Toddler Activities for Pre-Writing Skills— In the world of a toddler, play is the most important line item on their schedule. But playtime is more than just idly picking up different toys and interacting with other children of the same age. Play is setting the stage for their future development, and often teaches them the first things they need to know about language and writing.
These toddler activities are designed to help children develop pre-writing skills, and will begin preparing them for the time in preschool where they will start to build the foundation for reading and writing.
15 Toddler Activities for Pre-Writing Skills
- Create a sensory bin. Many people choose to make sensory bins based on the season or the nearest holiday. For example, a summer sensory bin might include sand, seashells, smooth stones, and plastic fish toys. Sensory bins encourage children to explore while developing their dexterity and grip.
- Make homemade play dough. The act of squishing and shaping the dough helps children to develop their hand muscles, which will be essential for writing in the future.
- Trace letters in flour, sprinkles or sugar. This helps toddlers recognize their letters while learning about the motions needed to form them.
- Make a bracelet with a pipe cleaner and beads. By placing the small beads on the pipe cleaners, the child will improve their fine motor skills. Adult supervision may be needed due to the size of the beads.
- Complete an alphabet puzzle together. This is a simple yet effective way to teach pre-writing skills to young children.
- Color a picture and identify the shapes in the picture. Learning shapes helps prepare children to identify letters.
- Play with Paint. Get out the easel and let your toddler finger paint to increase their dexterity.
- Spell words with letter magnets, so that your toddler can begin to understand that letters form words.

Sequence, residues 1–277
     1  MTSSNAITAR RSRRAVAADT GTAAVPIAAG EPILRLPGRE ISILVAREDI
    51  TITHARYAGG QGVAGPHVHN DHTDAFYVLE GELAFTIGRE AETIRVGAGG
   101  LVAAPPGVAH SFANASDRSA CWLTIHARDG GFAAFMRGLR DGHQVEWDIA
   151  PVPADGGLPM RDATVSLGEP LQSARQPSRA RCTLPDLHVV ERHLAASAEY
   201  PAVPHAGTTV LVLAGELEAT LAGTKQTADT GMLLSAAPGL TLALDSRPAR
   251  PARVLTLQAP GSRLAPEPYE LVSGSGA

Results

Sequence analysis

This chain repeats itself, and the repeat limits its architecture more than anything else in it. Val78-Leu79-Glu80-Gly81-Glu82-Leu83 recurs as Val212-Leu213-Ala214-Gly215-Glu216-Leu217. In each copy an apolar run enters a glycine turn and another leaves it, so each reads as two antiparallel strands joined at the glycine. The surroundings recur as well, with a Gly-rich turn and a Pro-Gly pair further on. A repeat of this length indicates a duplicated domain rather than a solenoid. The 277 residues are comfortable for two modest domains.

- Even More Play with Paint. Dip Q-tips in paint and let your child create a masterpiece. Gripping the Q-tip is good practice for gripping a pencil, crayon, or marker in the future.
- Have your child trace letters with their fingers. Not only will this give them a chance to practice letter recognition, but it will teach them how to write the letters properly.
- Develop Fine Motor Skills. Let your child use safety scissors to cut lines and shapes. Cutting is necessary to developing fine motor skills. Adult supervision is required for this activity.
- Develop Hand Muscles. Create paper balls using different colored construction paper. Crunching up the paper helps to develop important hand muscles, yet children don’t even know how hard they are working while they are enjoying this fun activity.
- Fun Letter Activity. Draw bubble letters and encourage your children to try and write within them.
- Read! Read the same favorite book together every day. Soon, your toddler will have memorized the story and they will begin to recognize the words on the page.
- And, last but not least, write! Write out their name, and practice saying the letters together. Your child’s name is often the first thing they learn to spell, so it’s an easy way to show them that letters are needed to form words.
5 Story Starters for Toddlers
Toddlers between the ages of 18 months and 3 years are not quite able to write their own stories, but they are able to learn the fundamentals of storytelling. These story starters will allow you and your toddler to come up with creative stories together.
- A boy and a girl were playing outside when they discovered a hopping frog. The frog sounded like…
- A young child was taking a walk with his mom and dad through the neighborhood. On their walk, they saw a…
- The trip to the zoo was very exciting. All of the animals were…
- It was time for dinner, and there were three pieces of fruit on the little girl’s plate. She chose to eat the…
- The big yellow school bus was driving down the street. It was taking the school children to the…
These play-based toddler activities are lighthearted and fun, and your little one will likely never know that they are setting the stage for a future of strong writing skills. It’s never too early to begin teaching the concepts of storytelling and writing, so get started today. Both you and your children should always keep on writing!
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